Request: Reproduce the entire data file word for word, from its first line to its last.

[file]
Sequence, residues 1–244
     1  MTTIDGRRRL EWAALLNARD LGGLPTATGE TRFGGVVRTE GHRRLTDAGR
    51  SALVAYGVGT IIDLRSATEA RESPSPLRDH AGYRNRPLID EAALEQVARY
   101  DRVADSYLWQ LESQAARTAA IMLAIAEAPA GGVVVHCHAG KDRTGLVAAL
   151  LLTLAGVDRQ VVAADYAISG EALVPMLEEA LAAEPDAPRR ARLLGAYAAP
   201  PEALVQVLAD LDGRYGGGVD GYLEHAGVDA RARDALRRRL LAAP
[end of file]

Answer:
Sequence, residues 1–244
     1  MTTIDGRRRL EWAALLNARD LGGLPTATGE TRFGGVVRTE GHRRLTDAGR
    51  SALVAYGVGT IIDLRSATEA RESPSPLRDH AGYRNRPLID EAALEQVARY
   101  DRVADSYLWQ LESQAARTAA IMLAIAEAPA GGVVVHCHAG KDRTGLVAAL
   151  LLTLAGVDRQ VVAADYAISG EALVPMLEEA LAAEPDAPRR ARLLGAYAAP
   201  PEALVQVLAD LDGRYGGGVD GYLEHAGVDA RARDALRRRL LAAP